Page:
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Bloody Paniai, anti-junta activists, grassroots garbage

Hello Globes readers,

This week, our stories spotlight heavy human rights abuses in the region, and  also explore empowering solutions to environmental and social problems. 

A Papuan community awaits justice for the “Bloody Paniai” massacre reportedly carried out by Indonesia security forces. The case is finally scheduled for trial in Indonesia’s human rights courts, but activists and victims’ relatives are not convinced justice will be delivered. 

In another overlooked human rights issue, Globe Editor Caleb Quinley documents the precarious lives of anti-junta Myanmar activists being “hunted down” by Thai authorities in border towns. The activists face deportation, which could lead to death at the hands of the junta.  Forced into hiding without opportunities to rebuild their lives, they are stuck in limbo. “They are like prisoners in their own house,” one human rights observer said.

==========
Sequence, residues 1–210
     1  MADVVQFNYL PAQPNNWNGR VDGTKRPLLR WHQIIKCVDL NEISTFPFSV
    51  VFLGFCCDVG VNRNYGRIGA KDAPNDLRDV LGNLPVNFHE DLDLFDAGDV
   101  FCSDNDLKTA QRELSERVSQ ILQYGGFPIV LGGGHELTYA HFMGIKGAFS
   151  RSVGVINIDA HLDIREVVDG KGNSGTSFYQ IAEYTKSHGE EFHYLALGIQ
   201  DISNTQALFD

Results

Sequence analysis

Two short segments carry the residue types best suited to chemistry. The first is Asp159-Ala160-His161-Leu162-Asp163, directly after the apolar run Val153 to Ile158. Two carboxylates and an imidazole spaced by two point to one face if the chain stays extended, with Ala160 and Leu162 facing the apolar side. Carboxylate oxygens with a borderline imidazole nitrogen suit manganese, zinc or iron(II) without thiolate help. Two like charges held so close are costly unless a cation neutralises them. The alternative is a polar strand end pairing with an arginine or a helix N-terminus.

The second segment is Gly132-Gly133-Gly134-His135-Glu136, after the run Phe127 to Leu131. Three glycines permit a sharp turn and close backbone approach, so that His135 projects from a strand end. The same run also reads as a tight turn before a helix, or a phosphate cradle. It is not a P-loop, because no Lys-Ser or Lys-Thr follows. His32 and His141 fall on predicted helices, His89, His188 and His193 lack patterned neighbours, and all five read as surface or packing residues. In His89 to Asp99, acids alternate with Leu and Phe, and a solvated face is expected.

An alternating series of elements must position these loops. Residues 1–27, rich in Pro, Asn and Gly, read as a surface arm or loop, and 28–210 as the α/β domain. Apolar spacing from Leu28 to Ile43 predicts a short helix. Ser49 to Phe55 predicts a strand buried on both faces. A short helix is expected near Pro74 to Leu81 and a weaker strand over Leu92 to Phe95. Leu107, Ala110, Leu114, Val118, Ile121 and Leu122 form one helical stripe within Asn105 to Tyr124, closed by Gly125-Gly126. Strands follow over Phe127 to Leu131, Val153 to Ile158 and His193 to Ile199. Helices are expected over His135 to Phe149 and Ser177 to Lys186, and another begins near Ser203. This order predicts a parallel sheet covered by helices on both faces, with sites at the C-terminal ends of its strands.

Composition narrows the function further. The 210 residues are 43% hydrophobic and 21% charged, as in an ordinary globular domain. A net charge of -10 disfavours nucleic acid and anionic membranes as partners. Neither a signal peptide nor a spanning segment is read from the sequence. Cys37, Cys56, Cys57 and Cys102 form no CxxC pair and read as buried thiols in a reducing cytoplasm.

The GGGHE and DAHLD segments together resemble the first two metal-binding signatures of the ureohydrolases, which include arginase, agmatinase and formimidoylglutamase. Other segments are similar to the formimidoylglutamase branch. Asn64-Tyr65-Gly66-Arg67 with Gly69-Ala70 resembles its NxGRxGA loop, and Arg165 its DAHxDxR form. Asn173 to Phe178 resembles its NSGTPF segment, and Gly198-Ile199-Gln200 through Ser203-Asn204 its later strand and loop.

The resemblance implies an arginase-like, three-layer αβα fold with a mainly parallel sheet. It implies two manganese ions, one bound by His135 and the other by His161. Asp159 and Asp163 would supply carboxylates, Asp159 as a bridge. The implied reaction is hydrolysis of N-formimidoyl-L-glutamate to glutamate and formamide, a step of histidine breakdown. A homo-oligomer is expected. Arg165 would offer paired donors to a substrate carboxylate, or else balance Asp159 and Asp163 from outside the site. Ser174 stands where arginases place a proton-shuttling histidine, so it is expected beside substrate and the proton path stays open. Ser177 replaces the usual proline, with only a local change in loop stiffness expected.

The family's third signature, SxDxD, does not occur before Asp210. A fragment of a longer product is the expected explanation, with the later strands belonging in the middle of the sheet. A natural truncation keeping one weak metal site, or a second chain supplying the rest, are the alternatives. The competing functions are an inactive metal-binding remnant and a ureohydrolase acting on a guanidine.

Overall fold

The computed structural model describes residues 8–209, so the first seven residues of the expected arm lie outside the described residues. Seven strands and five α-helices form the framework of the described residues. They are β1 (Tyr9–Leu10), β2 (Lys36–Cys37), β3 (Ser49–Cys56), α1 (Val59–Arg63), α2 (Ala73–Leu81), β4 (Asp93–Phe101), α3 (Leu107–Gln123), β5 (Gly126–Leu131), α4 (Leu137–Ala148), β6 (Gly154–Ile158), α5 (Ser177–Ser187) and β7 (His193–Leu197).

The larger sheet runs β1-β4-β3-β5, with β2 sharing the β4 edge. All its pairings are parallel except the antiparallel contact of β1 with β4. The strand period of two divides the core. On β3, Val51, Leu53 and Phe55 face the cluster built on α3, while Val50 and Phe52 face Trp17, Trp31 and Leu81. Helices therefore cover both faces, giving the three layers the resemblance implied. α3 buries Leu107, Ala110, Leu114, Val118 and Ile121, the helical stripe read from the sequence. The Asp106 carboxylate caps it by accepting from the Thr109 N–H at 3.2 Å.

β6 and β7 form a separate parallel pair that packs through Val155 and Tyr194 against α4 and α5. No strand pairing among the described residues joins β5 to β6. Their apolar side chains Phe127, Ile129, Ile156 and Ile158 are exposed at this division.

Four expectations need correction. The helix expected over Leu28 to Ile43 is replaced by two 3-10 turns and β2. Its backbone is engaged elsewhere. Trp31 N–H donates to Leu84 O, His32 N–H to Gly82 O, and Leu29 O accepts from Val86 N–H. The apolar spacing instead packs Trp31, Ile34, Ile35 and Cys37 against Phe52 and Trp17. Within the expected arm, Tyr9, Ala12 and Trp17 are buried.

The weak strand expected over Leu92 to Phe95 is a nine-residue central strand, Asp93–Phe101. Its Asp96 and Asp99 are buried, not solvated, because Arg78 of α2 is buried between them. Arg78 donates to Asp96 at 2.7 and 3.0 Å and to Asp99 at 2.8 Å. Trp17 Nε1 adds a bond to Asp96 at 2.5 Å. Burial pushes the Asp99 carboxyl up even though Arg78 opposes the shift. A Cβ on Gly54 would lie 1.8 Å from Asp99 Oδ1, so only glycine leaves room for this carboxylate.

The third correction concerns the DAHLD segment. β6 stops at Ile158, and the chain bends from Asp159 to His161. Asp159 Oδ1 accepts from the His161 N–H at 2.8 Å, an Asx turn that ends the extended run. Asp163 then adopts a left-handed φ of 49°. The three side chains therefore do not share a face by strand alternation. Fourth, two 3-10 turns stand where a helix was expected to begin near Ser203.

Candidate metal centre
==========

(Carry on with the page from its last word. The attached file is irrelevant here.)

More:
On a more uplifting note, Cambodia has a new waste management warrior confronting the nation’s growing crisis of garbage disposal. Contributor Chea Sameang reported that local authorities struggle to handle mounting piles of trash and communities lack garbage collection and disposal sites. Yet one Cambodian man is taking matters into his own hands by building a grassroots waste management service for communities in northwest Cambodia. 

This industrious spirit is alive in Cambodia’s women entrepreneurs as well. The Globe looked at the growth of women-led small and medium sized enterprises in the Kingdom led by women. However, many lack education and financial resources to expand their companies, largely due to ingrained sexist norms, analyst Heng Molika argued. She outlined how improving financial services and educational opportunities could make their small businesses grow.

That’s all for this week, we hope you enjoy the articles below.

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